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Template:Infobox iron Iron (pronounced /ˈаɪɚn/) is a chemical element with the symbol Fe (Latin: ferrum) and atomic number 26. Iron is a group 8 and period 4 element. Iron and iron alloys (steels) are by far the most common metals and the most common ferromagnetic materials in everyday use. Fresh iron surfaces are lustrous and silvery-grey in color, but oxidise in air to form a red or brown coating of ferrous oxide or rust. Compared with steel which has a hardness of about 140 Brinell, pure iron is soft, about 80 Brinell.[1][2]

Iron-56 is the second heaviest stable isotope produced by the alpha process in stellar nucleosynthesis, the heaviest being nickel-62; heavier elements require a supernova for their formation. Iron is the most abundant element in the core of red giants, and is the most abundant metal in iron meteorites and in the dense metal cores of planets such as Earth.

CharacteristicsEdit

Pure iron is a metal but is rarely found in this form on the surface of the earth because it oxidizes readily in the presence of oxygen and moisture. In order to obtain metallic iron, oxygen must be removed from naturally occurring ores by chemical reduction – mainly of the iron ore hematite (Fe2O3) by carbon at high temperature. The properties of iron can be modified by alloying it with various other metals (and some non-metals, notably carbon and silicon) to form steels.

Nuclei of iron atoms have some of the highest binding energies per nucleon, surpassed only by the nickel isotope 62Ni. The universally most abundant of the highly stable nuclides is, however, 56Fe. This is formed by nuclear fusion in stars. Although a further tiny energy gain could be extracted by synthesizing 62Ni, conditions in stars are unsuitable for this process to be favoured. Elemental distribution on Earth greatly favors iron over nickel, and also presumably in supernova element production.[3]

Iron (as Fe2+, ferrous ion) is a necessary trace element used by almost all living organisms. The only exceptions are several organisms that live in iron-poor environments and have evolved to use different elements in their metabolic processes, such as manganese instead of iron for catalysis, or hemocyanin instead of hemoglobin. Iron-containing enzymes, usually containing heme prosthetic groups, participate in catalysis of oxidation reactions in biology, and in transport of a number of soluble gases. See hemoglobin, cytochrome, and catalase.

AllotropesEdit

Main article: Allotropes of iron

Iron represents perhaps the best-known example of allotropy in a metal. There are three allotropic forms of iron, known as alpha, gamma, and delta.

As molten iron cools down it crystallizes at 1538 °C into its delta allotrope, which has a body-centered cubic (BCC) crystal structure. As it cools further its crystal structure changes to face-centered cubic (FCC) at 1394 °C, when it is known as gamma-iron, or austenite. At 912 °C the crystal structure again becomes BCC as alpha-iron, or ferrite, is formed, and at 770 °C (the Curie point, Tc) the iron becomes magnetic. As the iron passes through the Curie temperature there is no change in crystalline structure, but there is a change in "domain structure", where each domain contains iron atoms with a particular electronic spin. In unmagnetized iron, all the electronic spins of the atoms within one domain are in the same direction; however, in neighbouring domains they point in various directions and thus cancel out. In magnetized iron, the electronic spins of all the domains are all aligned, so that the magnetic effects of neighbouring domains reinforce each other. Although each domain contains billions of atoms, they are very small, about one thousandth of a centimetre across.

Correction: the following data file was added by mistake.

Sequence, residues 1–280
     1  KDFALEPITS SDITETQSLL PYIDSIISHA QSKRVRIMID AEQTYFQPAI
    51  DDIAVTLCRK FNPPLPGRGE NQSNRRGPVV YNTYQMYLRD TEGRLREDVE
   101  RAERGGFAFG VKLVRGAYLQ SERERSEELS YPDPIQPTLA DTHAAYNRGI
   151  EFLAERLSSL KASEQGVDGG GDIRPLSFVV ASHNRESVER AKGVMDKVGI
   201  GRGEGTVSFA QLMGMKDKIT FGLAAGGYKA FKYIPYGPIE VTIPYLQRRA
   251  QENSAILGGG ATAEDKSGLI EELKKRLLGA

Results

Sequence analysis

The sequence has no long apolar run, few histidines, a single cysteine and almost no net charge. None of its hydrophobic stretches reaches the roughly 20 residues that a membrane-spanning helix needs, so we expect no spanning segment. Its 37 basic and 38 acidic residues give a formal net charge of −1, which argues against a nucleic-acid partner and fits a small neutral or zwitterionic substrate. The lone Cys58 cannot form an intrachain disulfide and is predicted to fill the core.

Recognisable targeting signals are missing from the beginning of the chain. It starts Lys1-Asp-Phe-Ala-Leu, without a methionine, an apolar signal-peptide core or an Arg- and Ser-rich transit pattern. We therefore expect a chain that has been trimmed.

Iron is of most importance when mixed with certain other metals and with carbon to form steels. There are many types of steels, all with different properties; and an understanding of the properties of the allotropes of iron is key to the manufacture of good quality steels.

Alpha iron, also known as ferrite, is the most stable form of iron at normal temperatures. It is a fairly soft metal that can dissolve only a small concentration of carbon (no more than 0.021% by mass at 910 °C).

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Above 912 °C and up to 1401 °C alpha iron undergoes a phase transition from body-centred cubic to the face-centred cubic configuration of gamma iron, also called austenite. This is similarly soft and metallic but can dissolve considerably more carbon (as much as 2.04% by mass at 1146 °C). This form of iron is used in the type of stainless steel used for making cutlery, and hospital and food-service equipment.

Occurrence Edit

IronInRocksMakeRiverRed

The red appearance of this water is due to ferric ion, Iron(III) or Fe3+, in the rocks.

Iron is the sixth most abundant element in the Universe, formed as the final act of nucleosynthesis, by silicon fusing in massive stars. While it makes up about 5% of the Earth's crust, the Earth's core is believed to consist largely of an iron-nickel alloy constituting 35% of the mass of the Earth as a whole. Iron is consequently the most abundant element on Earth, but only the fourth most abundant element in the Earth's crust.[4] Most of the iron in the crust is found combined with oxygen as iron oxide minerals such as hematite and magnetite.

About 1 in 20 meteorites consist of the unique iron-nickel minerals taenite (35–80% iron) and kamacite (90–95% iron). Although rare, iron meteorites are the major form of natural metallic iron on the Earth's surface.

The red color of the surface of Mars is thought to derive from an iron oxide-rich regolith.